Roy’s Story: ‘Futility’ Monday, 15 March 2010Posted by edincityoflit in Stories.
Tags: Wilfred Owen
The Scottish Chamber Orchestra has supported Carry a Poem 2010 by asking artists featured in our February concerts to tell us about their favourite poems. These were published in 3,120 concert programmes during the month.
Roy McEwan – SCO Managing Director
The First World War was a personal tragedy for Wilfred Owen but its transformational power on the maturity and depth of his poetry has given us a rich legacy which I have always found moving. Although this is a bleak poem it is also full of humanity and conveys the transience of human life without diminishing its significance. The intense beauty of these two short verses, while bittersweet, express the importance of human existence and aspirations in the wider and terrifying context of the bigger landscape we are part of.
War and the associated sacrifices are more in our minds now than they have been for a long time and Owen’s expression of ‘the pity of War’ in his poetry has universal relevance – if not something to have in one’s pocket, certainly something to carry in one’s head.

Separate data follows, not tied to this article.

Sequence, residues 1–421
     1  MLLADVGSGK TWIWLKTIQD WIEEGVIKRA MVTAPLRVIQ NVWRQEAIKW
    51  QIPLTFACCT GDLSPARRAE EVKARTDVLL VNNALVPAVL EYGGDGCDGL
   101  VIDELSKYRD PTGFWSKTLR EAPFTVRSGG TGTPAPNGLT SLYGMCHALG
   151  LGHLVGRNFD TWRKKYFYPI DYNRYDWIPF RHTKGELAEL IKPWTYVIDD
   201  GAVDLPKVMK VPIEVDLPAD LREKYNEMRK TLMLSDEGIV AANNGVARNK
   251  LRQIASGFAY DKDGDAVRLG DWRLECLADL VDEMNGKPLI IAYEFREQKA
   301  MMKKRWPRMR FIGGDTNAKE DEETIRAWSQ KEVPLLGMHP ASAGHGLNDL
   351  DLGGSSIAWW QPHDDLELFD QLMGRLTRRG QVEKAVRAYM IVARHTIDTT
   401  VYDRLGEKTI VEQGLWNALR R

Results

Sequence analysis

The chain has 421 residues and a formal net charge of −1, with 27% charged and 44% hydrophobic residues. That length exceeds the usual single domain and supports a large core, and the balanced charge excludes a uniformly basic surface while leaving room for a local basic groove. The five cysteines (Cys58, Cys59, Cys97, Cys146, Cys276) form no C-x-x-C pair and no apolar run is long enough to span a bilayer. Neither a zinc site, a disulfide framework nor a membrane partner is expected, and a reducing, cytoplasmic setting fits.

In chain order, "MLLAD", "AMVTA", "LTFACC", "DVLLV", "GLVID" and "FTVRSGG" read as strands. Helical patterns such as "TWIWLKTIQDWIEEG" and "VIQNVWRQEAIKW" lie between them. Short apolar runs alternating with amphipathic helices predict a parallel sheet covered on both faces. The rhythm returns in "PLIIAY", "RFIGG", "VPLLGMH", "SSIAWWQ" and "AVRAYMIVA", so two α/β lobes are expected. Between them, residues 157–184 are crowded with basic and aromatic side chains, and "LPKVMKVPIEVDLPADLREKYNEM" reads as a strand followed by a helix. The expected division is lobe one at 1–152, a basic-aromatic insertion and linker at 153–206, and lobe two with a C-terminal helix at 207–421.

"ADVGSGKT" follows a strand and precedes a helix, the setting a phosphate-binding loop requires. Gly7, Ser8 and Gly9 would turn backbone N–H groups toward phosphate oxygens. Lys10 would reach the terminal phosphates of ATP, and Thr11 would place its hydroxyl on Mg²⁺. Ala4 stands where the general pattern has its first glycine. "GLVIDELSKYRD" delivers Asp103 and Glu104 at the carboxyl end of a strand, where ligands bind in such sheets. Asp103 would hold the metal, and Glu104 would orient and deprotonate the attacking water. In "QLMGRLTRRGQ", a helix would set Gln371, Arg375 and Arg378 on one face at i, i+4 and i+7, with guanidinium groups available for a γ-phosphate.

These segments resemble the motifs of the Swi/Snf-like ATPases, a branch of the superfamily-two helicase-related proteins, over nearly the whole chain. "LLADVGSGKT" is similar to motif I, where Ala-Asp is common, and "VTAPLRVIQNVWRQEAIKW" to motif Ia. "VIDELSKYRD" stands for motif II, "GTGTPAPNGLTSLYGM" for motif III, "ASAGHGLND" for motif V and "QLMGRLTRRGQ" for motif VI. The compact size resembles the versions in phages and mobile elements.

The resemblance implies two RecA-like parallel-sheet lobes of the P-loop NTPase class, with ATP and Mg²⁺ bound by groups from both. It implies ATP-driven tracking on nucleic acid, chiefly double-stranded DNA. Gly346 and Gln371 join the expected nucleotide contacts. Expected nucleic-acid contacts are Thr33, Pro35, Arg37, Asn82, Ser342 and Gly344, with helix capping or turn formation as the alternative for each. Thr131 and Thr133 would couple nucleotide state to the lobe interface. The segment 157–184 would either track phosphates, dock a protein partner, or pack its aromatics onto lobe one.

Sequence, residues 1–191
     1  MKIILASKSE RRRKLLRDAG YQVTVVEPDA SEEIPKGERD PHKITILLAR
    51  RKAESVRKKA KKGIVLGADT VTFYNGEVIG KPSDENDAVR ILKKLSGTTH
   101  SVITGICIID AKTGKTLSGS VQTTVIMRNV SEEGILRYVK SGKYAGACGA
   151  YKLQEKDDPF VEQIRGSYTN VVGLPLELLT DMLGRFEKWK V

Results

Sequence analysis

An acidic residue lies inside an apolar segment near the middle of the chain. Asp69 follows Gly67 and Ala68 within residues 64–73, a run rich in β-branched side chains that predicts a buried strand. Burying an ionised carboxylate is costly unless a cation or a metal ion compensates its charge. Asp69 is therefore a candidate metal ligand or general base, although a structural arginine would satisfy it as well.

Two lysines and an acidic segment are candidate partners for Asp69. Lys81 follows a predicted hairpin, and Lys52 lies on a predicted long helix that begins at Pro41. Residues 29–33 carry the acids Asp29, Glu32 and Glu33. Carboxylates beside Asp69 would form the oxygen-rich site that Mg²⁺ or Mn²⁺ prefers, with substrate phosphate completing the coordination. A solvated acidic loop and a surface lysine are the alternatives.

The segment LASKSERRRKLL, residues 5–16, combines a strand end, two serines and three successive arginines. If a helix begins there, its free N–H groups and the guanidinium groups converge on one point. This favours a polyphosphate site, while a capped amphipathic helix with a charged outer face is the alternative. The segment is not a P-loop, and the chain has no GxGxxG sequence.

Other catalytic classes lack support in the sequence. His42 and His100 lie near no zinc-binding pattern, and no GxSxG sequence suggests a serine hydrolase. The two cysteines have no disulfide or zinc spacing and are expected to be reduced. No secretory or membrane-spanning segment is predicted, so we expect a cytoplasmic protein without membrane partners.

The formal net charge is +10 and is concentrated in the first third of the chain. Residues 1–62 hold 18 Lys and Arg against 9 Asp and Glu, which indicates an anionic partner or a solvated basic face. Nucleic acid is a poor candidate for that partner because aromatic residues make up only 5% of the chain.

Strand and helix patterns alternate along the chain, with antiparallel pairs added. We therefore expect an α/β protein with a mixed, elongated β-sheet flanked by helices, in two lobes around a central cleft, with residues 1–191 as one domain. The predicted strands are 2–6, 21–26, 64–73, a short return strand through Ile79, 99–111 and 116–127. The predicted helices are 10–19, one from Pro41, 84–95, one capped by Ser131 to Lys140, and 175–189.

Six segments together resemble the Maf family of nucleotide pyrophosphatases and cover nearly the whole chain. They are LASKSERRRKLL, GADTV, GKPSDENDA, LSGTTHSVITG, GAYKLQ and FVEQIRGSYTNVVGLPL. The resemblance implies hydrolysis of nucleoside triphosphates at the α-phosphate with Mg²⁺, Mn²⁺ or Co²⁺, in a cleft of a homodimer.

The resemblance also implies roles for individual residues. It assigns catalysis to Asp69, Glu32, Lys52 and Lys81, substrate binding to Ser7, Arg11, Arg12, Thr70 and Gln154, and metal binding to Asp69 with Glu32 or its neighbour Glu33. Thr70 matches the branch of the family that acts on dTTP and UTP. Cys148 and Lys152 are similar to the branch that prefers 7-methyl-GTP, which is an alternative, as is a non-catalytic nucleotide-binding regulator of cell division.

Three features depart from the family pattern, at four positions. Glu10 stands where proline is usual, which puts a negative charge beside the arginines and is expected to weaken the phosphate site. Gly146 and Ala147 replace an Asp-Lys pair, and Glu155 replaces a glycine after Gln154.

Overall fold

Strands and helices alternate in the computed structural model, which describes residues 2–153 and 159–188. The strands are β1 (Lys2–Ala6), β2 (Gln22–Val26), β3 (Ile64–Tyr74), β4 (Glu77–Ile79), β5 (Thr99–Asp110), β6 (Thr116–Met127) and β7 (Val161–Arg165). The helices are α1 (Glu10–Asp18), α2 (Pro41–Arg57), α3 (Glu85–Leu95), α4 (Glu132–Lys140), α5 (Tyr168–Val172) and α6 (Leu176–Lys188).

Move him into the sun –
Gently its touch awoke him once,
At home, whispering of fields half-sown.
Always it woke him, even in France,
Until this morning and this snow.
If anything might rouse him now
The kind old sun will know.
Think how it wakes the seeds –
Woke once the clays of a cold star.
Are limbs, so dear achieved, are sides
Full-nerved, still warm, too hard to stir?
Was it for this the clay grew tall?
– O what made faruous sunbeams toil
To break earth’s sleep at all?
by Wilfred Owen